Judge overturns Tribe banishment

A U.S. District Court judge has overturned the Snoqualmie Tribe’s April 2008 banishment of nine members, in a decision made Thursday, April 30 in Seattle.

Judge James Robart ruled that the tribe failed to follow due process when it ousted the group in an April 27, 2008, general membership meeting.

Robart took issue with the exclusion of the nine banished members from the meeting, held at the Hilton Garden Inn in Issaquah. The nine were never told that they would have a chance to speak to the membership, and left after waiting outside the building for several hours, before the tribal council invited them inside.

The Tribe’s official statement, made last April, said the banished group didn’t have the necessary amount of Native American lineage to be members. The banished group included council members ousted following tribal elections in 2007, who claimed they were the rightful council. The sitting council accused the group of being a shadow government.

The nine banished members filed a petition to overturn the decision last May. A trial was held in Seattle last February.

Robart stated that the group will remain socially banished for 90 days after the decision, allowing the tribe time to decide whether to re-do the full banishment process. Banishment requires a vote of the tribe’s membership.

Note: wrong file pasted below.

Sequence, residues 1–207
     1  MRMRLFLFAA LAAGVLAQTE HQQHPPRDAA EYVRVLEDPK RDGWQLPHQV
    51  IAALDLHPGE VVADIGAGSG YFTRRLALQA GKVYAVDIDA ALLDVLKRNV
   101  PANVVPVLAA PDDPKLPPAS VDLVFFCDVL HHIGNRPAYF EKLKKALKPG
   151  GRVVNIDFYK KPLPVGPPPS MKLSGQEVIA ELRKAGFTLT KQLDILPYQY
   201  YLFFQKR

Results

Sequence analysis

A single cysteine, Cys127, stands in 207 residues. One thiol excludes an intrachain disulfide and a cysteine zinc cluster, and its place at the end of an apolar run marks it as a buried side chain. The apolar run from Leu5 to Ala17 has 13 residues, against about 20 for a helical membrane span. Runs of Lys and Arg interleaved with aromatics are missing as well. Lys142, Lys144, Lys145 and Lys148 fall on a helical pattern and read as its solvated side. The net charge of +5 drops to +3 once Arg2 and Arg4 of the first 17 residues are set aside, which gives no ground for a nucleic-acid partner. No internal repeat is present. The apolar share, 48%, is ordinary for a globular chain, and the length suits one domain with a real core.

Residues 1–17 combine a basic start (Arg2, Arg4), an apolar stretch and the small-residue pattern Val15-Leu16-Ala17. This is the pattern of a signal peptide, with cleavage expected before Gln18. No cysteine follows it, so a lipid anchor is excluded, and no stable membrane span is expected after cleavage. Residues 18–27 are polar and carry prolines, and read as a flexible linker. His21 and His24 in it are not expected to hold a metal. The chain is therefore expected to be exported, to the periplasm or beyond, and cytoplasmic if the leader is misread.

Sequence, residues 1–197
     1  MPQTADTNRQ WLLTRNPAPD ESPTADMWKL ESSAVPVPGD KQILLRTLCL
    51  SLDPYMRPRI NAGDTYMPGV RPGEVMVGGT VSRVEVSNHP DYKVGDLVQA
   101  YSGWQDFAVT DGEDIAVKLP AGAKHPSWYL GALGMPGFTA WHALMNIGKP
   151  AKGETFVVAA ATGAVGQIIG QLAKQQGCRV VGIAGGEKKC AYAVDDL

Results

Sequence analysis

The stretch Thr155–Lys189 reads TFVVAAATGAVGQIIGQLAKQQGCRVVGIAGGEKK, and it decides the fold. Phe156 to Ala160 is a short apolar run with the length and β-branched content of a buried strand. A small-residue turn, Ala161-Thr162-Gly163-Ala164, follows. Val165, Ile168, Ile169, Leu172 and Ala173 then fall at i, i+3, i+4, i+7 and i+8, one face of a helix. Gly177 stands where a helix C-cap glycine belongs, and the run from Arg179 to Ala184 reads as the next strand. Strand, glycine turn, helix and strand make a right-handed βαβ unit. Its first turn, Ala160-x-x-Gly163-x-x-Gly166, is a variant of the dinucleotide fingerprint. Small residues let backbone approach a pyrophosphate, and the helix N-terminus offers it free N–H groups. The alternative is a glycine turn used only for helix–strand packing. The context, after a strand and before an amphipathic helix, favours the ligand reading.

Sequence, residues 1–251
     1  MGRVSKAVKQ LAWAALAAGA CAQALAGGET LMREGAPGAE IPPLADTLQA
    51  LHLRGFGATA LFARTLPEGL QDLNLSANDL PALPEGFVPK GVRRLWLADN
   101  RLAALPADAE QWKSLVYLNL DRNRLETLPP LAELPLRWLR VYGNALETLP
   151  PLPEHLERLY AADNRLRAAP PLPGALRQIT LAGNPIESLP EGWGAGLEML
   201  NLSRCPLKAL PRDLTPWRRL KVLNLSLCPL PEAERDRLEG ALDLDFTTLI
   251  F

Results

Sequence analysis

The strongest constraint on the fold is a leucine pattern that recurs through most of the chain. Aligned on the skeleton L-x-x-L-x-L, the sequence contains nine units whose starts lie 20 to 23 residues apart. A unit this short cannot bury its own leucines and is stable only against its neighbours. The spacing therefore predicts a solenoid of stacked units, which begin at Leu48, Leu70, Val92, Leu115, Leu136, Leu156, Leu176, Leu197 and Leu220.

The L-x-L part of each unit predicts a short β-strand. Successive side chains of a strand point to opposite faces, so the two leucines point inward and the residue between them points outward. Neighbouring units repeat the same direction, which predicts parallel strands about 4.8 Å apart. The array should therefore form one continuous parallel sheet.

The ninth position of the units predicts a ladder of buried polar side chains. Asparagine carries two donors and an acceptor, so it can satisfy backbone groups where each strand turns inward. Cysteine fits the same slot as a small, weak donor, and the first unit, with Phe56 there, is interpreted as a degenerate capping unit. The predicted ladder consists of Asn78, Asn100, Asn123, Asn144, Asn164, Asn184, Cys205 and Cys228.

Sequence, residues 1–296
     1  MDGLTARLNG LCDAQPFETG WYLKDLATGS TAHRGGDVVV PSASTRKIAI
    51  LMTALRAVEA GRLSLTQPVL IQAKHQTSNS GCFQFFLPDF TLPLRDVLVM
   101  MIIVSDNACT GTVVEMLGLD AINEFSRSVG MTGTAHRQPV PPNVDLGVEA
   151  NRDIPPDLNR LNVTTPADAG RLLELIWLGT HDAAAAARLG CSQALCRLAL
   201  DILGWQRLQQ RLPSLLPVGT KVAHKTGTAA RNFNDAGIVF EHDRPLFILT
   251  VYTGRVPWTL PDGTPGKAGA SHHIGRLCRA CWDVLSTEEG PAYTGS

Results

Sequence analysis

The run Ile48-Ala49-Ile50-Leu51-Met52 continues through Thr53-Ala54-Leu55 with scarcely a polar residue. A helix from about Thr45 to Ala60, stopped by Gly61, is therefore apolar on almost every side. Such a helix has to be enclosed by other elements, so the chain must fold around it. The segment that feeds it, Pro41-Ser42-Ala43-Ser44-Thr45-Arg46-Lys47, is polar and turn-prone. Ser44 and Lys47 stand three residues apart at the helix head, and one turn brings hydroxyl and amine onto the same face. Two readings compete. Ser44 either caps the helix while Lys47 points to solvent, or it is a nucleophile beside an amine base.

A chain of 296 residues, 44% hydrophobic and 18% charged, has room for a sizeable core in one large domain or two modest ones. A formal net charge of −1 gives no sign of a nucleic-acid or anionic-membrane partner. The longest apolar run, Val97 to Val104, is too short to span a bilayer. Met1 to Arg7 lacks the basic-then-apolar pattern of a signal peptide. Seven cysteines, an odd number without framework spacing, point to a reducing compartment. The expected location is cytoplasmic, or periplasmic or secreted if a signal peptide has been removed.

Robart considered the matter under the Indian Civil Rights Act.

Snoqualmie Tribe Administrator Matt Mattson said Monday that the tribe is evaluating its next steps, as well as the broader implications of the ruling on tribal sovreignty.

“We’re not going to make a decision quickly,” Mattson said. “At the end of the day, the tribe will decide who its members are.

“The petitioners, as they seek reinstatement to the tribe, or reconsideration of the banishment, will ultimately have to face the members of the tribal community. That has not changed as a result of this order.”

Social banishment is a sort of probationary banishment, a kind of limbo in tribal status, according to Mattson. Social banishment can vary from person to person, and is an ancient practice of the tribe.

Full banishment strips someone of their rights and privileges as a tribal member, said Rob Roy Smith, attorney for the petitioners.

“It’s akin to a death sentence,” he said.

Smith said his clients remain socially banned from entering tribal property and taking part in tribal events.

“There’s still a long road ahead,” he said. “The big victory here is that the permanent banishment was overturned.” His clients now have the ability to obtain important services. Smith said they were highly concerned about access to tribal health care.

“Right now, all my clients want is to have their lives back,” he said. “My hope is that the tribe will do the right thing and let the social banishment expire in 90 days without taking any other action.”

The tribe has the right to start this process over again, he said. If that happens, “my clients believe that if they are provided the opportunity to speak, once their story is heard, this would not happen again.”

Carolyn Lubenau, one of the nine ousted members, said her group is ready to put the shadow council debate behind them.

“I don’t hold any revenge in my heart,” said Lubenau. “We don’t want to harm anything. We want our rights.”

“I won’t be happy until I can vote in a real election as a citizen of my tribe,” she added.

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